The Effects of Bedtime Writing on Difficulty Falling Asleep: A Polysomnographic Study Comparing To-Do Lists and Completed Activity Lists

J Exp Psychol Gen. 2018 Jan;147(1):139-146. doi: 10.1037/xge0000374. Epub 2017 Oct 23.

Abstract

Bedtime worry, including worrying about incomplete future tasks, is a significant contributor to difficulty falling asleep. Previous research showed that writing about one's worries can help individuals fall asleep. We investigated whether the temporal focus of bedtime writing-writing a to-do list versus journaling about completed activities-affected sleep onset latency. Fifty-seven healthy young adults (18-30) completed a writing assignment for 5 min prior to overnight polysomnography recording in a controlled sleep laboratory. They were randomly assigned to write about tasks that they needed to remember to complete the next few days (to-do list) or about tasks they had completed the previous few days (completed list). Participants in the to-do list condition fell asleep significantly faster than those in the completed-list condition. The more specifically participants wrote their to-do list, the faster they subsequently fell asleep, whereas the opposite trend was observed when participants wrote about completed activities. Therefore, to facilitate falling asleep, individuals may derive benefit from writing a very specific to-do list for 5 min at bedtime rather than journaling about completed activities. (PsycINFO Database Record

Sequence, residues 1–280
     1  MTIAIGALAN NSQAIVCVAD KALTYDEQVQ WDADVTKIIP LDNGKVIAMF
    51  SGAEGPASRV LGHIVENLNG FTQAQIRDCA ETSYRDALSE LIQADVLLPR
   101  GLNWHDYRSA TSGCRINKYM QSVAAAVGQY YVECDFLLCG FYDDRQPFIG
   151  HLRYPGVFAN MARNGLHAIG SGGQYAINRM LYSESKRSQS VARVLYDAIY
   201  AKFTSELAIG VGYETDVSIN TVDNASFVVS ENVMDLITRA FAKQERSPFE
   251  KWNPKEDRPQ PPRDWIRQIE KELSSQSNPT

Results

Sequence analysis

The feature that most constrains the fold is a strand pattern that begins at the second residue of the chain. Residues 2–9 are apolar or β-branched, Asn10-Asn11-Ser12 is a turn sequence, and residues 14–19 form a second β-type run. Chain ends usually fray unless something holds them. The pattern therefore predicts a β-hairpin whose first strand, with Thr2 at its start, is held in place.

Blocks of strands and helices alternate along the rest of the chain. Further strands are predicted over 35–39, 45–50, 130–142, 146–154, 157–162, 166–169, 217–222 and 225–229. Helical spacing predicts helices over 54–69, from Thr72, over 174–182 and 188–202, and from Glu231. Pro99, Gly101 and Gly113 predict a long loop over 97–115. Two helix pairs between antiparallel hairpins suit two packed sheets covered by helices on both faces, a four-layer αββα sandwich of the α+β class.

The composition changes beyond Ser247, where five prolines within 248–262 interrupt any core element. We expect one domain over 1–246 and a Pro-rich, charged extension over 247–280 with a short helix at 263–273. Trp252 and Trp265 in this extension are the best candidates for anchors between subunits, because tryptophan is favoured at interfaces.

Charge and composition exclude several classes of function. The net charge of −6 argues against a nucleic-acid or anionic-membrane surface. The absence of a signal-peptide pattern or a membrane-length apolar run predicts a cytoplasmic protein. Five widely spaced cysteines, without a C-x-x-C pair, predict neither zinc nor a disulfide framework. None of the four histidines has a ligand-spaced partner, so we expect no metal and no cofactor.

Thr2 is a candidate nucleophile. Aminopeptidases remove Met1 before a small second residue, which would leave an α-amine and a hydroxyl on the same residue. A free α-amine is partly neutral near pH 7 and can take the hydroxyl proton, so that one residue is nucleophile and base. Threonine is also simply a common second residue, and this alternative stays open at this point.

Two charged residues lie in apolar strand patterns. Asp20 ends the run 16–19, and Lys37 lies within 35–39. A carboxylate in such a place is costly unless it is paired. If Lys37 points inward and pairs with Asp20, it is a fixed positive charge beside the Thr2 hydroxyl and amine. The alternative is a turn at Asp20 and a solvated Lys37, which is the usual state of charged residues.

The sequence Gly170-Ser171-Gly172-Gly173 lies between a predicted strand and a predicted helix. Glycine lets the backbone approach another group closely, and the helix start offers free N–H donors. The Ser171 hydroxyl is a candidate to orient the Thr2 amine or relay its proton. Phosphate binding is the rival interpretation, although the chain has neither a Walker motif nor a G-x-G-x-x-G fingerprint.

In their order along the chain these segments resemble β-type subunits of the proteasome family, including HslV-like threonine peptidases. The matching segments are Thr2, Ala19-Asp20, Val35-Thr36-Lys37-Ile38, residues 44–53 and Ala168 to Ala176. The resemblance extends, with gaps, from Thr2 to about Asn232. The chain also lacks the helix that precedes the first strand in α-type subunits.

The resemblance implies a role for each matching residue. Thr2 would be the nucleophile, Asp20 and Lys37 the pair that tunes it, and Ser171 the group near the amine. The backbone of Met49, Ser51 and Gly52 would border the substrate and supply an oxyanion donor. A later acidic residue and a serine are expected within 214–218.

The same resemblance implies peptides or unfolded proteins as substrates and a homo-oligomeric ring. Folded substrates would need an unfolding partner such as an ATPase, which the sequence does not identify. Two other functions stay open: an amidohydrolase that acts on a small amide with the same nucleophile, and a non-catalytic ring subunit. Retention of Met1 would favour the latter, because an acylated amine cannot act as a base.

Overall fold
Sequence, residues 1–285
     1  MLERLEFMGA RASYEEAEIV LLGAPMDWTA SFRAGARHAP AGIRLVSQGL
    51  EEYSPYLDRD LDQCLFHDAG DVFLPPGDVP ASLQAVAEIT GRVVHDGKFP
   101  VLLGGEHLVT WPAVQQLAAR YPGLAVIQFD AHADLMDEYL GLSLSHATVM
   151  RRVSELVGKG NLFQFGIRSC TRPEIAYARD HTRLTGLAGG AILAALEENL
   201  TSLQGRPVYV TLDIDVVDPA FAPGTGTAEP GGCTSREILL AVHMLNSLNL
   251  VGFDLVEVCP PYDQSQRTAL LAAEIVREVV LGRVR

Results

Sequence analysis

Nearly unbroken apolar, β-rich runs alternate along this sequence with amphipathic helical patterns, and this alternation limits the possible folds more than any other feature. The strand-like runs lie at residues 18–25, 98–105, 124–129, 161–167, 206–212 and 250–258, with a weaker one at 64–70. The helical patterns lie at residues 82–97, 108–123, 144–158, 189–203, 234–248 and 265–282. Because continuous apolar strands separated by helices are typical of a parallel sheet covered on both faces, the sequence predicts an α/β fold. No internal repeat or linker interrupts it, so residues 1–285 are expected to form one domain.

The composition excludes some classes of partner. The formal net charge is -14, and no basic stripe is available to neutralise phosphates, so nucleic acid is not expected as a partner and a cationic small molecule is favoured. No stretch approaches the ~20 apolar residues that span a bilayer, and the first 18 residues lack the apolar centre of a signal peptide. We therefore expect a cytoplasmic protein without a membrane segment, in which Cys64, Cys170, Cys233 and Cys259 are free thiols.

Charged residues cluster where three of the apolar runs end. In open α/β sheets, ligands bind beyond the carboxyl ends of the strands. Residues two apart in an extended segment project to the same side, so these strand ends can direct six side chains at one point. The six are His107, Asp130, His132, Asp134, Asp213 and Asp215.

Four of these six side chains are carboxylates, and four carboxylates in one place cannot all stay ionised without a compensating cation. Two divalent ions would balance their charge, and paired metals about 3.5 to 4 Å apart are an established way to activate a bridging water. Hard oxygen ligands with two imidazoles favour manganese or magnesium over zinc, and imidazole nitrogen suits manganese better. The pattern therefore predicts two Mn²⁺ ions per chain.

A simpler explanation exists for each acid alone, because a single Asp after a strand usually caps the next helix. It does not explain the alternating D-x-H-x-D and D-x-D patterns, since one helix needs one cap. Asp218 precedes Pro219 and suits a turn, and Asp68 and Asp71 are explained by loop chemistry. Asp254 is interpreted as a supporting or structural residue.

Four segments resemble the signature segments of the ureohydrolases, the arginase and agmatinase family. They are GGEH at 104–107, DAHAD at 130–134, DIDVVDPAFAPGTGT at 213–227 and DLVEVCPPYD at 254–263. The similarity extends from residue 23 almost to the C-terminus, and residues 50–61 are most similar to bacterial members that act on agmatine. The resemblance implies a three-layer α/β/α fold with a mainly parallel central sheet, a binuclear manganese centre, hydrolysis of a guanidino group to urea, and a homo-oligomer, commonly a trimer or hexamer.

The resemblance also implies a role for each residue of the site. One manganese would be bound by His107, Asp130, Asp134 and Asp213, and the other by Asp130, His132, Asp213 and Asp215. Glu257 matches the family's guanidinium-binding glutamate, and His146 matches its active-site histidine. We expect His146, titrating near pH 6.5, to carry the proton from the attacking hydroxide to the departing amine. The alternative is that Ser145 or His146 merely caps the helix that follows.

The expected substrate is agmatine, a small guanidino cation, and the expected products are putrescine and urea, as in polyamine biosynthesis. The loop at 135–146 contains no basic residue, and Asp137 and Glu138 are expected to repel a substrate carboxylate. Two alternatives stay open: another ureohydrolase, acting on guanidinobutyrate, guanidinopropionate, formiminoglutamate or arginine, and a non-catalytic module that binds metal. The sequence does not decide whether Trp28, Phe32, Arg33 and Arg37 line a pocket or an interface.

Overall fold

MeSH terms

  • Adolescent
  • Adult
  • Anxiety / physiopathology*
  • Female
  • Humans
  • Male
  • Polysomnography / methods*
  • Sleep / physiology*
  • Time Factors
  • Writing*
  • Young Adult